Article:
You are going to need a great workbook of how to care for your senior at home. I have written one just for you. It will take you step by step through the how to’s of care for your family member or friend that needs assistance. It goes over how to help the senior in their own home and how to care for them in your home or in a care facility. Full time or part-time, the care giver will have answers to questions that constantly come up in the process of caring for dementia, Elder care or terminal care. This is the manual that you will read through and come back to in time of upset to find answers. It has gotten such good reviews that I know you will enjoy it. The workbook is $25 with S&H. Click on the picture to order it from PayPal.       


Francy with Missy


 I spend time-sharing with hundreds of families all over the US so they can cope with caring for their senior. I’m at home with my husband, George, on a full-time basis and I always appreciate a donation for my time-sharing with you on this site. I thank you for your kindness…and ask that you share my site information with those that you know are caring for seniors — francy 
 Join my Newsletter Listing: I send out a newsletter and talk about the behind the scenes of daily care giving with George and clients. You will also hear about Missy and my crazy, busy life with joy – in the middle of chaos. Its a more personal look at Alzheimer’s. Click on the picture and it will take you through the sign up with your name, city and email and I will send you a small thank you gift Free…for your time. I will hold all your information private. You will receive a monthly newsletter and can remove your name any time from my listing. And once again I would appreciate you spreading the news about my work, there are  alot of care givers out there that could use someone to talk to and get ideas back. Thanks so much – francy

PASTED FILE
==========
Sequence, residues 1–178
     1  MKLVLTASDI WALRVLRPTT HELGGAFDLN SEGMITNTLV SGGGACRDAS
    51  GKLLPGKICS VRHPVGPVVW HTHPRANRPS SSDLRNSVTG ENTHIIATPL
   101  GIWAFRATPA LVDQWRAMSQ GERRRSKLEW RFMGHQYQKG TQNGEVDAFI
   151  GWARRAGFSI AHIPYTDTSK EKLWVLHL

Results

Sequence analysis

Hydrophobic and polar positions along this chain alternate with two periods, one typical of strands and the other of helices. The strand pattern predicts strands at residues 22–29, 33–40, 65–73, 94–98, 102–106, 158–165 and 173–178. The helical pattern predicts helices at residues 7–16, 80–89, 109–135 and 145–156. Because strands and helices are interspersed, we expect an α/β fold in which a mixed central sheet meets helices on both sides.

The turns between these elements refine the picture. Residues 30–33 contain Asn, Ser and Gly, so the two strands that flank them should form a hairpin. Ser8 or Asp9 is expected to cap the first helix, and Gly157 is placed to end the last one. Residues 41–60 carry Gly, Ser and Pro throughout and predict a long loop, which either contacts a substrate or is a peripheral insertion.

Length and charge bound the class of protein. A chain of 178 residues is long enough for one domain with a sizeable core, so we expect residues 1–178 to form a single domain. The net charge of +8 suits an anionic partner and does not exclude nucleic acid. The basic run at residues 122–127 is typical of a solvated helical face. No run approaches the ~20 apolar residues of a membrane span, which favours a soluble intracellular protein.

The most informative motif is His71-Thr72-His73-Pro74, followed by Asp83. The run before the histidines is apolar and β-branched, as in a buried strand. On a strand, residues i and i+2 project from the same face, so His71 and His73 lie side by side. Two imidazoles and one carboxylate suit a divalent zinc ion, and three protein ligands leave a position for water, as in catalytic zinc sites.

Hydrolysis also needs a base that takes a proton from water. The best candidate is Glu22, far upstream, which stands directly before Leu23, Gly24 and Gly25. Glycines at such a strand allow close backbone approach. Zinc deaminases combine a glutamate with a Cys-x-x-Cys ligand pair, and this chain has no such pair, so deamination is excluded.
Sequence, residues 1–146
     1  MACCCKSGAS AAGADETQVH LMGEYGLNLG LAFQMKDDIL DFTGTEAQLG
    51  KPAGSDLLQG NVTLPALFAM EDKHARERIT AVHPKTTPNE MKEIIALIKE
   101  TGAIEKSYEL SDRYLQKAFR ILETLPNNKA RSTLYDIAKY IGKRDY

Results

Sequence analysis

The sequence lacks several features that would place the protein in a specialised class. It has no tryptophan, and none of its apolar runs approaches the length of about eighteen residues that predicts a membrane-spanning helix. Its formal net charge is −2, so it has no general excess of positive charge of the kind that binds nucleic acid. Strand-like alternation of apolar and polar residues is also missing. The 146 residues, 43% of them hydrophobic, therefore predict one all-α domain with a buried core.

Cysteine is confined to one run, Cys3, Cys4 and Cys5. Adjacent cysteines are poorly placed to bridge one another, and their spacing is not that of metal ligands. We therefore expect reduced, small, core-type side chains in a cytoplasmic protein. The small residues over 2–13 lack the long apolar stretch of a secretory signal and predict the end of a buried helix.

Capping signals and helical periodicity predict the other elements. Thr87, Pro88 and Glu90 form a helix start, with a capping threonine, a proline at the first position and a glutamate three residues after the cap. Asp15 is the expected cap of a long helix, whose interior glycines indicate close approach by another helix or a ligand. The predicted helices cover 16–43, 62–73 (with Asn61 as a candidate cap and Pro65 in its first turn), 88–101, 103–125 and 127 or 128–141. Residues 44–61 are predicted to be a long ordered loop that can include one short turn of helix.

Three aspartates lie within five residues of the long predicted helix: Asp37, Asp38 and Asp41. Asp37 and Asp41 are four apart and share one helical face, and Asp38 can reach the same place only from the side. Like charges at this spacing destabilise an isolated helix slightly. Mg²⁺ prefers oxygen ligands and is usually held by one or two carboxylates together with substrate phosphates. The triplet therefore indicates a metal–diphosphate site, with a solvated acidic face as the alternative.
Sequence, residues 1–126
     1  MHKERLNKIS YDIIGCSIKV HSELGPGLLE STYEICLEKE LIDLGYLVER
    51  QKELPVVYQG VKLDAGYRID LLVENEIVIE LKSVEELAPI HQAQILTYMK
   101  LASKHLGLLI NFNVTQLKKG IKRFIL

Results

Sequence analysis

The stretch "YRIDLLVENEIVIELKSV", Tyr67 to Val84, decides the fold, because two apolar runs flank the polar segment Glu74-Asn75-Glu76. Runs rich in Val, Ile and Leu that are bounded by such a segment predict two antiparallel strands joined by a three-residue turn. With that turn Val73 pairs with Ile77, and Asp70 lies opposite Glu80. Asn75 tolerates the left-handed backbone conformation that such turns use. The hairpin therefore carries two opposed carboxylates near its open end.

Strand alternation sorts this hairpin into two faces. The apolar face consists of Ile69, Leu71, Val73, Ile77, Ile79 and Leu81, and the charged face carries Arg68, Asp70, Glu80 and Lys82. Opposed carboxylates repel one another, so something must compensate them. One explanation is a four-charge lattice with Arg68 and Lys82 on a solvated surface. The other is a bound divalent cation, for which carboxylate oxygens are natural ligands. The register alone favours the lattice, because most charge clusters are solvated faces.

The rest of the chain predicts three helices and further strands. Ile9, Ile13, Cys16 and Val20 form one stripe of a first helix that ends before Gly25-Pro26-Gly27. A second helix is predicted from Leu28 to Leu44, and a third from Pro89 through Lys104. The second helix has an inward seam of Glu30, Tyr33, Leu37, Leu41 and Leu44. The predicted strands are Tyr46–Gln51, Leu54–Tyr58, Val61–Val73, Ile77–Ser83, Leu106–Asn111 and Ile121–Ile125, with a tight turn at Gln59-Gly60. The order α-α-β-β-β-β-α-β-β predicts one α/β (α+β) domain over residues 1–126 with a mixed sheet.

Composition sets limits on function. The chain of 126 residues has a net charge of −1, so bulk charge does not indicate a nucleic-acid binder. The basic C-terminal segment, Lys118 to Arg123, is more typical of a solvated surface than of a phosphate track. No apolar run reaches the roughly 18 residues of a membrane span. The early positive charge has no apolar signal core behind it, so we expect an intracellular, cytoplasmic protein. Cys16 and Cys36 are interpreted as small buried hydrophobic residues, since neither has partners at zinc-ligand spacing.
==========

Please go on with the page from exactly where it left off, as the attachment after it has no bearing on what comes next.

3 thoughts on “Frustrated, Alzheimer’s Care Giver Needs Help

  1. Hey, awesome website. I actually came across this on Yahoo, and I am stoked I did. I will definetely be coming back here more often. Wish I could add to the post and bring a bit more to the table, but am just absorbing as much info as I can at the moment. thanks for sharing.


  2. “We can not change our Seniors but we can change ourselves and how we view our lives. We can take the step forward instead of dragging behind. We can make a plan for our day and stick to it as close as we can. We can connect with friends instead of feeling lonely. We can bless where our senior is and still expect the most from them each day.”

    That reminded me of an insight I had while answering others’ questions about Mom and Dad, and cemented it while writing about them: Learn to accept that their behavior is not just a side of them you’ve never seen before. It is not personal. It is not their way of rejecting you. It is not an attempt to become someone else. It’s not old age, loneliness, or being tired.
    Accept that it is happening to them, not you. Not because of you, not to you, not for you, not in spite of you.
    As that perfect image of them slips away, remember that our denial does not change their reality.
    They were once someone we looked up to, someone we respected, someone who was an authority figure. Hold dear in your heart how they once were – let go of who they once were. Who they are needs you now.